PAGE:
Psychoactive compound activates mysterious receptor
A hallucinogenic compound found in a plant indigenous to South America and used in shamanic rituals regulates a mysterious protein that is abundant throughout the body, University of Wisconsin—Madison researchers have discovered.
The finding, reported in the Feb. 13 issue of Science, may ultimately have implications for treating drug abuse and/or depression. Many more experiments will be needed, the researchers say.
Scientists have been searching for years for naturally occurring compounds that trigger activity in the protein, the sigma-1 receptor. In addition, a unique receptor for the hallucinogen, called dimethyltryptamine (DMT), has never been identified.
The UW–Madison researchers made the unusual pairing by doing their initial work the “old-fashioned,” yet still effective, way. They diagrammed the chemical structure of several drugs that bind to the sigma-1 receptor, reduced them to their simplest forms and then searched for possible natural molecules with the same features. Biochemical, physiological and behavioral experiments proved that DMT does, in fact, activate the sigma-1 receptor.
“We have no idea at present if or how the sigma-1 receptor may be connected to hallucinogenic activity,” says senior author Arnold Ruoho, chair of pharmacology at the UW–Madison School of Medicine and Public Health. “But we believe that the National Institute on Drug Abuse (NIDA) may be interested in biological mechanisms underlying psychoactive and addictive drug action.”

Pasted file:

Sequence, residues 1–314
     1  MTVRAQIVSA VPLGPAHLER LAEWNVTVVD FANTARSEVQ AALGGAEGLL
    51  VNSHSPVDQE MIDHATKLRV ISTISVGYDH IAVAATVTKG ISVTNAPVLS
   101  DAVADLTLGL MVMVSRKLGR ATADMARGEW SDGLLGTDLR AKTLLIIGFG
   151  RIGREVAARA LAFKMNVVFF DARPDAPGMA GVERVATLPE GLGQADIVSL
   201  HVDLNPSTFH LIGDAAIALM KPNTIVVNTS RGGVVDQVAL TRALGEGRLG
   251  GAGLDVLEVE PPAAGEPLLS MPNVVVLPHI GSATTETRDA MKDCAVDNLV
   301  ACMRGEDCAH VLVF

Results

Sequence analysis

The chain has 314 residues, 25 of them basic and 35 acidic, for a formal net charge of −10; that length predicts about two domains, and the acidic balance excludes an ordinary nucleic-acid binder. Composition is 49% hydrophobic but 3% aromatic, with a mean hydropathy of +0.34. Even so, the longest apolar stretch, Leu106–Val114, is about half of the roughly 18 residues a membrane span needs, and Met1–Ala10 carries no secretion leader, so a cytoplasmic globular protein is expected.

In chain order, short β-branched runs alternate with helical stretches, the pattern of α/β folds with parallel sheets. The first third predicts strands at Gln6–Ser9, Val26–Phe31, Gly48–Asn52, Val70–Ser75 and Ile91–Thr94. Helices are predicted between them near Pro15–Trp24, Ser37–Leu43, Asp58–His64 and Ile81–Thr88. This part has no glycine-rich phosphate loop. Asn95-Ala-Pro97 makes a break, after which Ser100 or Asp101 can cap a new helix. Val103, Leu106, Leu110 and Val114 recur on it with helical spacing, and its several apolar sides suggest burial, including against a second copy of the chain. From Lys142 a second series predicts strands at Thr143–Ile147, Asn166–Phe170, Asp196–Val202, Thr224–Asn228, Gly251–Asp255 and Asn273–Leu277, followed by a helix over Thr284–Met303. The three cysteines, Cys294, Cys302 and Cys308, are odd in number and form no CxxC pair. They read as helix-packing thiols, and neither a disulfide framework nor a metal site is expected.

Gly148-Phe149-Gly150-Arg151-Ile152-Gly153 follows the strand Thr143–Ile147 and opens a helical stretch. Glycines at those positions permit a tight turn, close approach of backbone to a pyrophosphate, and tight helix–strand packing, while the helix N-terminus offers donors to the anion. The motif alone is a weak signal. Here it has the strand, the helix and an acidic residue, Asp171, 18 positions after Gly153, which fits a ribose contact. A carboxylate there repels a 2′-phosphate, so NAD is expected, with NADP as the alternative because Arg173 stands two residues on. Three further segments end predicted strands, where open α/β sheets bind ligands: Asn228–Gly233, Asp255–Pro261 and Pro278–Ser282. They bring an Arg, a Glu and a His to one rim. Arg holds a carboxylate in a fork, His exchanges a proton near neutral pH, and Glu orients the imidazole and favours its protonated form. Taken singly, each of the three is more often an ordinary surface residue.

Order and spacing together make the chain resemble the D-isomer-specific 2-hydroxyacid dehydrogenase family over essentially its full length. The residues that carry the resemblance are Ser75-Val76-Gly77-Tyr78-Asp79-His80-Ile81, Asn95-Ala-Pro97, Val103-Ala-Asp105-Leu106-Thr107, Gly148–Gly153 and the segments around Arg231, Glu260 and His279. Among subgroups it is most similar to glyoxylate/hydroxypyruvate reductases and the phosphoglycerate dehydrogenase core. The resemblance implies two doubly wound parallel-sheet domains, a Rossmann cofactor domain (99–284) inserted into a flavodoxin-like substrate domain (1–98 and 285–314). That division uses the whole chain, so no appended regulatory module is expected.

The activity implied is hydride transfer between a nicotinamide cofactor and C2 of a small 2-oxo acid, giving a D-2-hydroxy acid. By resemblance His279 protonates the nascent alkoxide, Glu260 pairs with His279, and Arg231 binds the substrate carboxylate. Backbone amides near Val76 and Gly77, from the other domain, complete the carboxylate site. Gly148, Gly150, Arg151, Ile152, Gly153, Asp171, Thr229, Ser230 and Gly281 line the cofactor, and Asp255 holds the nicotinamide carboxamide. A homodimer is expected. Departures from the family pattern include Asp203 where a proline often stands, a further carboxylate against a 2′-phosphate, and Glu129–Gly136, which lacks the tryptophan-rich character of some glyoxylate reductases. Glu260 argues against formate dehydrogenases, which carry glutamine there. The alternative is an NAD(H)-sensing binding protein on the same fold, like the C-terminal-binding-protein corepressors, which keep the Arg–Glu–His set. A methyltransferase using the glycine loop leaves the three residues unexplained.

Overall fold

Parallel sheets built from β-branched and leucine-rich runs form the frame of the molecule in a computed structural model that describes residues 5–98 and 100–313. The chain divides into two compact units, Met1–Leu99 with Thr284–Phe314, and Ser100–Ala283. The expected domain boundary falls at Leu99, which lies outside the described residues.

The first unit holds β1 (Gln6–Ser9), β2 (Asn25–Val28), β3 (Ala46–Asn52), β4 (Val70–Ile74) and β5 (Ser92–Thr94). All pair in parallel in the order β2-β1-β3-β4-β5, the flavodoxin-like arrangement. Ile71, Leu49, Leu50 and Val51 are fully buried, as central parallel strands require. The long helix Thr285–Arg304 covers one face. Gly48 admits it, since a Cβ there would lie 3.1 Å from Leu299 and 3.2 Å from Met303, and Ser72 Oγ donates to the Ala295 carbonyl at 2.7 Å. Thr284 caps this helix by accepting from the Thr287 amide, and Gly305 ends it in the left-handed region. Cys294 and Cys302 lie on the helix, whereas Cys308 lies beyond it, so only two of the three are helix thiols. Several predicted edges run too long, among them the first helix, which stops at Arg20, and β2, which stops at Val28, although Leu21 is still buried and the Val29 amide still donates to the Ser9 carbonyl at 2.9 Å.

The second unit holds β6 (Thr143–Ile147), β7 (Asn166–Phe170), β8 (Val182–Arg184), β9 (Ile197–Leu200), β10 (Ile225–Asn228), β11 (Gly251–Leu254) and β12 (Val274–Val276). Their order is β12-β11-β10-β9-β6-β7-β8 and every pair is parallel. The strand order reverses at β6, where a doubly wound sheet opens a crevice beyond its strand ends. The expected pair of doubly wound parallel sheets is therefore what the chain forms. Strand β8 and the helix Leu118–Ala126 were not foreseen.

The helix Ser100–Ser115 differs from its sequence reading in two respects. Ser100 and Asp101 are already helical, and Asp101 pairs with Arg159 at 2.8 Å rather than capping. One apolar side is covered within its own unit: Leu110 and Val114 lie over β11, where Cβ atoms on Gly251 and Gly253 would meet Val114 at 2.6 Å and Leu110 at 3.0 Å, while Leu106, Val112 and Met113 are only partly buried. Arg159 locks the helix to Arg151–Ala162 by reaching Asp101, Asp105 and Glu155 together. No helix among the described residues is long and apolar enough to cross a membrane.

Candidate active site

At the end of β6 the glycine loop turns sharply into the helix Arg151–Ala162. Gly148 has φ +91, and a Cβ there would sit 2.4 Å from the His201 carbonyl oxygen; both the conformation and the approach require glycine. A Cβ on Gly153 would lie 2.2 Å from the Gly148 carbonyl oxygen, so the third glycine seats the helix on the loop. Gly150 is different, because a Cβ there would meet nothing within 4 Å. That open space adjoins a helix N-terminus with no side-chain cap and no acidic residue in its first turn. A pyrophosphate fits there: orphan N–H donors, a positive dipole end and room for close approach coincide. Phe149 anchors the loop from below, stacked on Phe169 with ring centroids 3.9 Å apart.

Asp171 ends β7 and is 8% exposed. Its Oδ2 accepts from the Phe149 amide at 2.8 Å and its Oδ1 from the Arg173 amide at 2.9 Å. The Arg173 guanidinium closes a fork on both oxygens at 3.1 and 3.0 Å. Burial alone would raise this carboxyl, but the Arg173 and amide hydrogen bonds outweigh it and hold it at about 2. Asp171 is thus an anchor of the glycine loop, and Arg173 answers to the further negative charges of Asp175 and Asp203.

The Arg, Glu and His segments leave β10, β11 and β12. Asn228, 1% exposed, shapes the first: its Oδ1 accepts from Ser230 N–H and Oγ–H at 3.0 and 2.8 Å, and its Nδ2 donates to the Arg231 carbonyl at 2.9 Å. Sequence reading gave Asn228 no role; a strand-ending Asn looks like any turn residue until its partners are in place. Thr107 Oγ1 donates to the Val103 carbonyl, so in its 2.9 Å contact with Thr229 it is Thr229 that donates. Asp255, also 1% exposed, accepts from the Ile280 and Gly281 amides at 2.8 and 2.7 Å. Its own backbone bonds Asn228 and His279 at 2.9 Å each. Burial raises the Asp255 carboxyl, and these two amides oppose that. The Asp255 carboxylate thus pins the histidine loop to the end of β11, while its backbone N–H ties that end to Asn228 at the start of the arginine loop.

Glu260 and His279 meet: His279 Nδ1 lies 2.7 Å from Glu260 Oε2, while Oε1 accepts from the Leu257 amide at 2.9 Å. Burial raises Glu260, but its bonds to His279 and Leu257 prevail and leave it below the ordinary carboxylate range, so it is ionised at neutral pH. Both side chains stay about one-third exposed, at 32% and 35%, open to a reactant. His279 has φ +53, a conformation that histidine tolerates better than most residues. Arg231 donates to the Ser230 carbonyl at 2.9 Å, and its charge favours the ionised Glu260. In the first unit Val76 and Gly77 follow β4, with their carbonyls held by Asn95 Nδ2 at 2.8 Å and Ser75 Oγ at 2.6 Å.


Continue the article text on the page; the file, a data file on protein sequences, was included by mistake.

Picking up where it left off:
In addition to being a component of psychoactive snuffs and sacramental teas used in native religious practices in Latin America, DMT is known to be present in some mammalian tissues, and it has also been identified in mammalian blood and spinal fluid. Elevated levels of DMT and a related molecule have been found in the urine of schizophrenics.
Ruoho speculates that the hallucinogen’s involvement may mean that the sigma-1 receptor is connected in some fashion to psychoactive behavior. When his team injected DMT into mice known to have the receptor, the animals became hyperactive; mice in which the receptor had been genetically removed did not.
“Hyperactive behavior is often associated with drug use or psychiatric problems,” says Ruoho. “It’s possible that new, highly selective drugs could be developed to inhibit the receptor and prevent this behavior.”
The study revealed an additional neurologic link by confirming that the sigma-1 receptor and some compounds that bind to it inhibit ion channels, which are important for nerve activity. Work by many researchers — including some from UW–Madison — initially showed this relationship in earlier studies.
Some studies have also linked the receptor to the action of antidepressant drugs, and National Institutes of Health (NIH) scientists recently found that it appears to serve as a “chaperon,” helping proteins to fold properly.
The Wisconsin researchers found that DMT is derived from the naturally occurring amino acid tryptophan and is structurally related to the neurotransmitter serotonin. This finding, Ruoho says, illustrates the mantra often used in the biological processing of natural molecules: Nothing goes to waste.
“Our findings support the idea that biochemical alterations of molecules such as tryptophan can produce simple compounds such as DMT that may target other regulatory pathways served by sigma-1 receptors,” he says.
DMT may also reflect the presence of an even larger family of natural compounds that arise from other structurally related amino acids that may further regulate the receptor, Ruoho adds.
“It may well be that these different, naturally derived chemical forms regulate the sigma-1 receptor in tissue and organ-specific ways,” he says.